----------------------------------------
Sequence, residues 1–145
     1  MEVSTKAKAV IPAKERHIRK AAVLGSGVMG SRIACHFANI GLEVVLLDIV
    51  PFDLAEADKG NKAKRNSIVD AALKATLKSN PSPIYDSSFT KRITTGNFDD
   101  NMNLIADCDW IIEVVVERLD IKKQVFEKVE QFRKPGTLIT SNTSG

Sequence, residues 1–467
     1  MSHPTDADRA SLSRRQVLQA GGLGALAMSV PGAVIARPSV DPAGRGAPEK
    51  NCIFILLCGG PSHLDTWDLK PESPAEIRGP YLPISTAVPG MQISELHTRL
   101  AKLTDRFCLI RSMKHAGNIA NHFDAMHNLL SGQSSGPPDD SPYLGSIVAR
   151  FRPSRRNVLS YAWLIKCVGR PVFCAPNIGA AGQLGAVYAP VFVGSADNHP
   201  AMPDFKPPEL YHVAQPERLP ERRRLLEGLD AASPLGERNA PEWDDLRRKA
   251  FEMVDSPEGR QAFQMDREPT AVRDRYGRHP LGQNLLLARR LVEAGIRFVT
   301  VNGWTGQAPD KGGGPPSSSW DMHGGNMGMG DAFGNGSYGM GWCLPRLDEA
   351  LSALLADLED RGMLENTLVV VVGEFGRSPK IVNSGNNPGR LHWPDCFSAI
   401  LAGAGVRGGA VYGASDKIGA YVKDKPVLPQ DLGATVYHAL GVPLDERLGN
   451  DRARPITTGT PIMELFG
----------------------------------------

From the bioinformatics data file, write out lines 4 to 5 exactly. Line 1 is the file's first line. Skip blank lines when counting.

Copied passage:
   101  NMNLIADCDW IIEVVVERLD IKKQVFEKVE QFRKPGTLIT SNTSG

Sequence, residues 1–467